Impress a History Teacher with These 10 Causes and Events of the War of 1812

Impress a History Teacher with These 10 Causes and Events of the War of 1812

By Larry Holzwarth
Impress a History Teacher with These 10 Causes and Events of the War of 1812

The War of 1812 was the first declared war in American history. Its causes were many, including British arming of the Indians in the Northwest Territory, which it had ceded to the United States in the Treaty of Paris which ended the American Revolutionary War. In 1812 Britain’s war against Napoleon was at its peak, and British ships were blockading trade with the European continent, excluding American ships from entering the ports of nations dominated by the French emperor. The United States argued that the British blockade was illegal. The British had also for years stopped American ships and seized sailors that they claimed were British citizens.

War Hawks emerged in Congress, demanding the removal of the British from all of North America. Since British Canada provided much of the timber used to build British warships England had no intention of abandoning it to the Americans. New England merchants and politicians largely opposed the idea of war with the British over Canada, since it would impede the brisk trade between the growing American merchant fleet and the British, including food and grain being sent to feed the British Army under Wellington in Spain. That trade continued even as the United States fought the war, via the British Naval port at Halifax.

American grain fed the British Army fighting Napoleon in Spain at the beginning of the War of 1812. Wikimedia

Here are some of the causes and events of the War of 1812, a conflict which established the United States as the dominant nation on the North American continent.

USS President fires into HMS Little Belt, a confrontation which each side blamed on the other for firing first. Wikimedia

Trade and shipping issues.

Between 1783 and the early 1800s the American merchant fleet grew exponentially. During the Napoleonic Wars the British Privy Council enacted what were called the Orders in Council, imposing restrictions on trade between neutral nations and the European continent. Neutral ships were ordered to enter British ports to have their cargoes inspected prior to entering European waters. Any ship which did not comply was subject to seizure by blockading British ships. To make matters worse, Napoleon responded with the Milan Decree, which labeled any ship entering a British port a British ship, subject to seizure by French authorities when it entered a French port.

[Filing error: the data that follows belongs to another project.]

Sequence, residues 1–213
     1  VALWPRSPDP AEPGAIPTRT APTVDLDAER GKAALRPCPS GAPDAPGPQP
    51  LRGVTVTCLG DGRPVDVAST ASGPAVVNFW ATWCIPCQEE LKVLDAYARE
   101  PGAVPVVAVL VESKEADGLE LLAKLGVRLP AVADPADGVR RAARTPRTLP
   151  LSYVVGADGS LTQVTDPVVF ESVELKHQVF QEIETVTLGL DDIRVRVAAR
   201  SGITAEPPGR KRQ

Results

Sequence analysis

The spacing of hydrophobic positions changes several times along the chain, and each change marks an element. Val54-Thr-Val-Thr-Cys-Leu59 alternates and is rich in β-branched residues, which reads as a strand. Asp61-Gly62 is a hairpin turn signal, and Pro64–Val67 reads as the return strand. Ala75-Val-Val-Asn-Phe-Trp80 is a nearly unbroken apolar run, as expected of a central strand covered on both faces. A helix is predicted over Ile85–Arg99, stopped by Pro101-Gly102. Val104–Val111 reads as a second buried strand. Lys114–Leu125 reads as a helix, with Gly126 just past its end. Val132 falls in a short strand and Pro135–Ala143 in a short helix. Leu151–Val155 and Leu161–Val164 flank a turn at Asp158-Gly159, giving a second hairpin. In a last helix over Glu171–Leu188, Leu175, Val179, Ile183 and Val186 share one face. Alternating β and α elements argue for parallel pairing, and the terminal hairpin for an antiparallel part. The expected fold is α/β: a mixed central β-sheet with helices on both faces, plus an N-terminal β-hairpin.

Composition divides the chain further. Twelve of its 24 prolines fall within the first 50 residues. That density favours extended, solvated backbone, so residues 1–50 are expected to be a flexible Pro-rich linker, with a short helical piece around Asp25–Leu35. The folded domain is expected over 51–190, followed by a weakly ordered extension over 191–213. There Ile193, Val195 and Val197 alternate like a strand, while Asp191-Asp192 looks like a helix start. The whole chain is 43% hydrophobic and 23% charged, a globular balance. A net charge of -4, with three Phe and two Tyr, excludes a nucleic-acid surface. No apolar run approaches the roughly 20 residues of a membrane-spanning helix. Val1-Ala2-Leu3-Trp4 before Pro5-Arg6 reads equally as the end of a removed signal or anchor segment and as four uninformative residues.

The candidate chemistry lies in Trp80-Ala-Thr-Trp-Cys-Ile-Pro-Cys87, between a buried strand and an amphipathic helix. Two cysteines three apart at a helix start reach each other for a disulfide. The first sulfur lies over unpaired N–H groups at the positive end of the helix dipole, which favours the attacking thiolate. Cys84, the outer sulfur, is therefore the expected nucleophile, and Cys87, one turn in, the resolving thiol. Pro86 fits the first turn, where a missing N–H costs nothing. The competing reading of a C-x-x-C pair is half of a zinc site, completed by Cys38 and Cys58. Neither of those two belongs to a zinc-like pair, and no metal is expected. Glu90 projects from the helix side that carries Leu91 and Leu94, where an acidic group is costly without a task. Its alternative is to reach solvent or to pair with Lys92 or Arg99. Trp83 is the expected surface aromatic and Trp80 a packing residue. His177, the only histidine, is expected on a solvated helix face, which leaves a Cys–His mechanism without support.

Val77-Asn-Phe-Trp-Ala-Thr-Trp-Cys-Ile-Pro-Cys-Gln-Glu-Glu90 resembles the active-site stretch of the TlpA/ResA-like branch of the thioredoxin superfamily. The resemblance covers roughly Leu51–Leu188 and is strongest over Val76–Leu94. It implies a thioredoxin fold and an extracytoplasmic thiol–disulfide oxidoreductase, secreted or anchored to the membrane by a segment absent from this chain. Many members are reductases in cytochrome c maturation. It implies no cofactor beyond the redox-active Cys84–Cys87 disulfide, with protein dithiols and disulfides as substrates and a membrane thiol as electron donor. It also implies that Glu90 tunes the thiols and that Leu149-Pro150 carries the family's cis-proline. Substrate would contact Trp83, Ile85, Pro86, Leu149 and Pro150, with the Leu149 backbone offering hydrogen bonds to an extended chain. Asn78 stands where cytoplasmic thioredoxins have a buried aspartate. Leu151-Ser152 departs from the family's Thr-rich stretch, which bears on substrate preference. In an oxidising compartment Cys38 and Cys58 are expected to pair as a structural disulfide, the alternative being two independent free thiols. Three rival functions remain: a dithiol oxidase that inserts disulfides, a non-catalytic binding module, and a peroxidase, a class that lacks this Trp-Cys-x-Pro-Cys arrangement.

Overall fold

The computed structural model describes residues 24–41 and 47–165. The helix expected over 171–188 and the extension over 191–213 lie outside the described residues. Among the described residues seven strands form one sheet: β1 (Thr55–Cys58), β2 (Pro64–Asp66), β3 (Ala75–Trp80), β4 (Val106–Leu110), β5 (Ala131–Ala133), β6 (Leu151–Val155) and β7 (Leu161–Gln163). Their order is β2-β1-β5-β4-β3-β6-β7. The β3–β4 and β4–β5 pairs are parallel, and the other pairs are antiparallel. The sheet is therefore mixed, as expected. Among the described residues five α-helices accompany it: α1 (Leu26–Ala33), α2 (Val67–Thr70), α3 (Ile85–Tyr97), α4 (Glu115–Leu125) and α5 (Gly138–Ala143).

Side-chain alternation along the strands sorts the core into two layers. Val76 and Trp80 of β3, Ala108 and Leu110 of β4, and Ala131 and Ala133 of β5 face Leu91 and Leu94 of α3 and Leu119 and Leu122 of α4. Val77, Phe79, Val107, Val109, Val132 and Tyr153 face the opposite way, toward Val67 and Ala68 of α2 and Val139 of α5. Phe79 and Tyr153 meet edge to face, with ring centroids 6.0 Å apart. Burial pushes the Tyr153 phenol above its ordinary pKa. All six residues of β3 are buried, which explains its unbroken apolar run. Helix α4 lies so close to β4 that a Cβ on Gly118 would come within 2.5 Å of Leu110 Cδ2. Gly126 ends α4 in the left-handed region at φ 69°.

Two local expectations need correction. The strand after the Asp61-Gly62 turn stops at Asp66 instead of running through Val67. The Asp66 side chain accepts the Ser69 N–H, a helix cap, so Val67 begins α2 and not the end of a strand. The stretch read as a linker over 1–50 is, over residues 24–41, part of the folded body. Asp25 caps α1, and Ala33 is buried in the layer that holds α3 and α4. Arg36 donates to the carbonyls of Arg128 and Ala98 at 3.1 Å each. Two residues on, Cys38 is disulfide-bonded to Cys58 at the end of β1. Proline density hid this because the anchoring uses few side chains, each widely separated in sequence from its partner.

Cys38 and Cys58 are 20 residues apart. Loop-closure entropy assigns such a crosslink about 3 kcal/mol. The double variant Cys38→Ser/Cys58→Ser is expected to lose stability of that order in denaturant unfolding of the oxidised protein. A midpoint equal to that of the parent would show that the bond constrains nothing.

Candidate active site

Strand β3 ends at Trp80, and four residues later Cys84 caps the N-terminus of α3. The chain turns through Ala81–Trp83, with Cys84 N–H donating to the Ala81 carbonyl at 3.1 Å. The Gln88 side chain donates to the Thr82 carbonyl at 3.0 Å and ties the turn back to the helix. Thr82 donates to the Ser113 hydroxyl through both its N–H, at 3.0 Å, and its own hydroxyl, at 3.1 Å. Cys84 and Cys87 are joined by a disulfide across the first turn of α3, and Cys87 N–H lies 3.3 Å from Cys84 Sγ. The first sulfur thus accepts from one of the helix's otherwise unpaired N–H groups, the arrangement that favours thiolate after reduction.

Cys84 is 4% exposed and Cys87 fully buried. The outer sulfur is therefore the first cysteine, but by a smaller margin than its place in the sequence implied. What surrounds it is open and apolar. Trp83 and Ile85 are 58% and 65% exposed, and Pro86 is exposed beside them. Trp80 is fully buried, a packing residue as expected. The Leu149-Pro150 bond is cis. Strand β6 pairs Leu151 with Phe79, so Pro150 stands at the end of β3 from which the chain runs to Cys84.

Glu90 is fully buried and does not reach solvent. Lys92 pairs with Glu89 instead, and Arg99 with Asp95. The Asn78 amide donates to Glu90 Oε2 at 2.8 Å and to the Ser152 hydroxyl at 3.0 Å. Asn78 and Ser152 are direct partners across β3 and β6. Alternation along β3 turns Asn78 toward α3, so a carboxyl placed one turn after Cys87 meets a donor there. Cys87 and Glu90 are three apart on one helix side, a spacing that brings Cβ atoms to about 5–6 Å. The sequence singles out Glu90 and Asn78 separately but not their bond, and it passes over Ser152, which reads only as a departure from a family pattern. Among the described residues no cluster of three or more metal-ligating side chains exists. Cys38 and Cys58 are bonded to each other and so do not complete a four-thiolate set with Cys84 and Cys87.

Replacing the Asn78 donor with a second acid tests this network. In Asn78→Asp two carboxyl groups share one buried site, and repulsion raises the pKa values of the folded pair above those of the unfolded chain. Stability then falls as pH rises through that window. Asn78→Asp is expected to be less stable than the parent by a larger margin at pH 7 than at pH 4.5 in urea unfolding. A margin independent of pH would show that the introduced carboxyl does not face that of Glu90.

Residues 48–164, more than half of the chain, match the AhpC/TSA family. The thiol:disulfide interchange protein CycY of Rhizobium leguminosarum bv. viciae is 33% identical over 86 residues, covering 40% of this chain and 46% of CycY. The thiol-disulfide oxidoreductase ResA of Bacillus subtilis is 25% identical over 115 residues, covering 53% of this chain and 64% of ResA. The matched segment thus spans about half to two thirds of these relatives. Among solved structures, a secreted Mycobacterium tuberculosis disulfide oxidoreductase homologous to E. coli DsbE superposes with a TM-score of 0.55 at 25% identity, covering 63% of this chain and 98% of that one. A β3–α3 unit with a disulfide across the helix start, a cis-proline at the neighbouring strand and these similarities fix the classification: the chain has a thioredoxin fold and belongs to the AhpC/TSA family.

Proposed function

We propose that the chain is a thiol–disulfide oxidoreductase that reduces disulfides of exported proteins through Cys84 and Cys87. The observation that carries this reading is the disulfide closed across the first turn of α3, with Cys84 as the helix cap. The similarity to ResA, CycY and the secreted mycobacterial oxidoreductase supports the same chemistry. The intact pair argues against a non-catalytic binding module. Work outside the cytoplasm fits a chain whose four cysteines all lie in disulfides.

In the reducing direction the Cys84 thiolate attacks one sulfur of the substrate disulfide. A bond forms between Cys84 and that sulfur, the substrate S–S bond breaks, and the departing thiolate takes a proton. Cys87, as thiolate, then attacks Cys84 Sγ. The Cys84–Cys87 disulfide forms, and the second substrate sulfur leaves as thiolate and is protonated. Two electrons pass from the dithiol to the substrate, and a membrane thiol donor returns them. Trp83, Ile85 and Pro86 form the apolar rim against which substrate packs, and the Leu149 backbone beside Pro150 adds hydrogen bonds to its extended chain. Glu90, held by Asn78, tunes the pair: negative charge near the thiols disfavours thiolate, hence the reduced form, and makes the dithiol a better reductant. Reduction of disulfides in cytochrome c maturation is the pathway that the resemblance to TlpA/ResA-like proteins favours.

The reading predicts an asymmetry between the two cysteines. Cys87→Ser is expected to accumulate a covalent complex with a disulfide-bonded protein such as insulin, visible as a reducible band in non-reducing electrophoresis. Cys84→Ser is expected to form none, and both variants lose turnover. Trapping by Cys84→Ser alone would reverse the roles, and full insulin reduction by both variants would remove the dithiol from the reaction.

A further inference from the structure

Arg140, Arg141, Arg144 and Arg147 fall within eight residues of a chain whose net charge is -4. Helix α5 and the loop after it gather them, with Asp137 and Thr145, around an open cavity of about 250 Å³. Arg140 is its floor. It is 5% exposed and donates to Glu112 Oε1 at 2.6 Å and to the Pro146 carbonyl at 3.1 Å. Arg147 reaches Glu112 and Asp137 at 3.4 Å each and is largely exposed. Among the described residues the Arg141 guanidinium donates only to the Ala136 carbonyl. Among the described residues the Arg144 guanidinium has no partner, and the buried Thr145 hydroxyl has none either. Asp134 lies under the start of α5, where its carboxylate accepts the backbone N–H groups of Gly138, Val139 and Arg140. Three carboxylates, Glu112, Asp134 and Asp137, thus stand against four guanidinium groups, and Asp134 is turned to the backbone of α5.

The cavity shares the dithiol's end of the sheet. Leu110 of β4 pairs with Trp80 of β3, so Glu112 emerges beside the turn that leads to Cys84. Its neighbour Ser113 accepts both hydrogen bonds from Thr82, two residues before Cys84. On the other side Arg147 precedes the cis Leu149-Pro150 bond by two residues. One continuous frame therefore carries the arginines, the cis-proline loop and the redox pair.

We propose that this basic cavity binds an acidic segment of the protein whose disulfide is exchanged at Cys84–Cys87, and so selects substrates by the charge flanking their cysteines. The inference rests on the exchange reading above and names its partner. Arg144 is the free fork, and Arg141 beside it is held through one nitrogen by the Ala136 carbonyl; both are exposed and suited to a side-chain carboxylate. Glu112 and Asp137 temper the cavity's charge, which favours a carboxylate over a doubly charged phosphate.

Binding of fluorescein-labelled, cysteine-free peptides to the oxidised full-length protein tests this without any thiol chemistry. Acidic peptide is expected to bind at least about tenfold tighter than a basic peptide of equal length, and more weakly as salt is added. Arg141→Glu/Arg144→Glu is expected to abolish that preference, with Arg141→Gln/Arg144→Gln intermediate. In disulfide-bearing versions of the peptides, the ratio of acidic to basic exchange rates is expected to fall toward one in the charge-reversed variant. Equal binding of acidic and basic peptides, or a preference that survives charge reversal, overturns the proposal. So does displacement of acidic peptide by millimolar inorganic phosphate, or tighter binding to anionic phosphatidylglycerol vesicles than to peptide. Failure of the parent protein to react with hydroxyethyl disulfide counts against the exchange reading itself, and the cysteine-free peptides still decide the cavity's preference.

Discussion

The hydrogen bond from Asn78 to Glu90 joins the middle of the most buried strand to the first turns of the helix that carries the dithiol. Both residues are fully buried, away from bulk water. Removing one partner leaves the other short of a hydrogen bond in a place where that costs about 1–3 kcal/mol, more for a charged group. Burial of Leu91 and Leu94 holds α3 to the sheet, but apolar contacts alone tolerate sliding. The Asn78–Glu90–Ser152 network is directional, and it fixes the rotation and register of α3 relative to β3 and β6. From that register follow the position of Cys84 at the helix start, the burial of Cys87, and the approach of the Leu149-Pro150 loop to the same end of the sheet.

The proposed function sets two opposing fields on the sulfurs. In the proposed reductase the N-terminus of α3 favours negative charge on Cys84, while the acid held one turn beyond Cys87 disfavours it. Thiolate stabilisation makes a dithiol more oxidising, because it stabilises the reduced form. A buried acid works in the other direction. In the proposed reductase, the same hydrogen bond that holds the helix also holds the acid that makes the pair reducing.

The Orders in Council were actually a series of decrees over several years, which grew increasingly draconian regarding the cargoes which were considered to be war materials with each succeeding order. The United States protested them as illegal. At the same time the closure of the European ports and markets increased American trade with Great Britain, with more and more goods from America arriving in American, rather than British ships. The British maritime and mercantile interests grew resentful of the growth of America’s growing merchant fleet.

The Royal Navy also restricted the British merchant fleet by stripping ships of the men to crew them. In order to avoid the press gangs which seized British mariners and landsmen and force them into warships, many English sailors signed on to American merchant crews. British law did not allow them to renounce British citizenship, even after acquiring American citizenship. This extended to those born in any British possession, including Canada. The Royal Navy reserved to itself the right to stop any neutral ship on the high seas and inspect its crew, taking anyone it decided was a British citizen. The United States protested this activity as illegal as well.

British arrogance towards the United States regarding trade and the seizing of Americans created a groundswell of anger in the United States, which increased as encounters at sea were extended to American warships. In 1804 the British began patrolling outside New York Harbor, stopping all ships they sighted just outside the then claimed three mile territorial limit and inspecting their cargoes and seizing sailors. In 1807 HMS Leopard, searching for British deserters, fired into USS Chesapeake after it failed to comply with British demands to stop and be boarded, killing three and wounding 18. The British then seized four “deserters”, three of which were Americans.

In 1811, British seizure of an American citizen after stopping an American ship on the high seas led to USS President pursuing what its commander, Commodore John Rodgers, thought was the offending British ship, HMS Guerriere. It turned out to be the British sloop of war HMS Little Belt. President and Little Belt fought a night engagement in which both sides claimed the other side fired first, and which left Little Belt badly damaged. The following year, increased resistance by British merchants and industry led to the Orders in Council being revoked by Lord Liverpool. On June 23, 1812 the orders were revoked. The United States had declared war five days earlier.